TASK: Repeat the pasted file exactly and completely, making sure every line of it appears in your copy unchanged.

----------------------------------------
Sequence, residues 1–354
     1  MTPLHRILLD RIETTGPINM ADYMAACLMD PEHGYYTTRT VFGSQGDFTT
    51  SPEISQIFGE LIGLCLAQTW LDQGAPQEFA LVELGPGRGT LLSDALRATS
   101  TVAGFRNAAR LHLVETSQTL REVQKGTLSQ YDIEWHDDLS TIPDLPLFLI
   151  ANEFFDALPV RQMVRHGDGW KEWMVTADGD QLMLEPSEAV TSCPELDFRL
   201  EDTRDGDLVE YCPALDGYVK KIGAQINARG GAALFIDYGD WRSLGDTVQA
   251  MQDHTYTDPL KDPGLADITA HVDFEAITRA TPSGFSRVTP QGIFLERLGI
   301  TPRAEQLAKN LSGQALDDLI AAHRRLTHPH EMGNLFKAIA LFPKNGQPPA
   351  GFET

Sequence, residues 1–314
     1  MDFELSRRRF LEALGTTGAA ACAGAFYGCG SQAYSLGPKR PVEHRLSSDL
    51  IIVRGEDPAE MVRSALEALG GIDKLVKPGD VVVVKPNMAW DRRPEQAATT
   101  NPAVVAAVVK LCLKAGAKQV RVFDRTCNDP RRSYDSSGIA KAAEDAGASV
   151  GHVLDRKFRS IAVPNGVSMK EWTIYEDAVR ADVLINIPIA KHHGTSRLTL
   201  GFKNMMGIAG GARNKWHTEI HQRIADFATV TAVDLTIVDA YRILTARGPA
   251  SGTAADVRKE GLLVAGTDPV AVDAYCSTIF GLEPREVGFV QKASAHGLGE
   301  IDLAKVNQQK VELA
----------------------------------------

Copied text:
Sequence, residues 1–354
     1  MTPLHRILLD RIETTGPINM ADYMAACLMD PEHGYYTTRT VFGSQGDFTT
    51  SPEISQIFGE LIGLCLAQTW LDQGAPQEFA LVELGPGRGT LLSDALRATS
   101  TVAGFRNAAR LHLVETSQTL REVQKGTLSQ YDIEWHDDLS TIPDLPLFLI
   151  ANEFFDALPV RQMVRHGDGW KEWMVTADGD QLMLEPSEAV TSCPELDFRL
   201  EDTRDGDLVE YCPALDGYVK KIGAQINARG GAALFIDYGD WRSLGDTVQA
   251  MQDHTYTDPL KDPGLADITA HVDFEAITRA TPSGFSRVTP QGIFLERLGI
   301  TPRAEQLAKN LSGQALDDLI AAHRRLTHPH EMGNLFKAIA LFPKNGQPPA
   351  GFET

Sequence, residues 1–314
     1  MDFELSRRRF LEALGTTGAA ACAGAFYGCG SQAYSLGPKR PVEHRLSSDL
    51  IIVRGEDPAE MVRSALEALG GIDKLVKPGD VVVVKPNMAW DRRPEQAATT
   101  NPAVVAAVVK LCLKAGAKQV RVFDRTCNDP RRSYDSSGIA KAAEDAGASV
   151  GHVLDRKFRS IAVPNGVSMK EWTIYEDAVR ADVLINIPIA KHHGTSRLTL
   201  GFKNMMGIAG GARNKWHTEI HQRIADFATV TAVDLTIVDA YRILTARGPA
   251  SGTAADVRKE GLLVAGTDPV AVDAYCSTIF GLEPREVGFV QKASAHGLGE
   301  IDLAKVNQQK VELA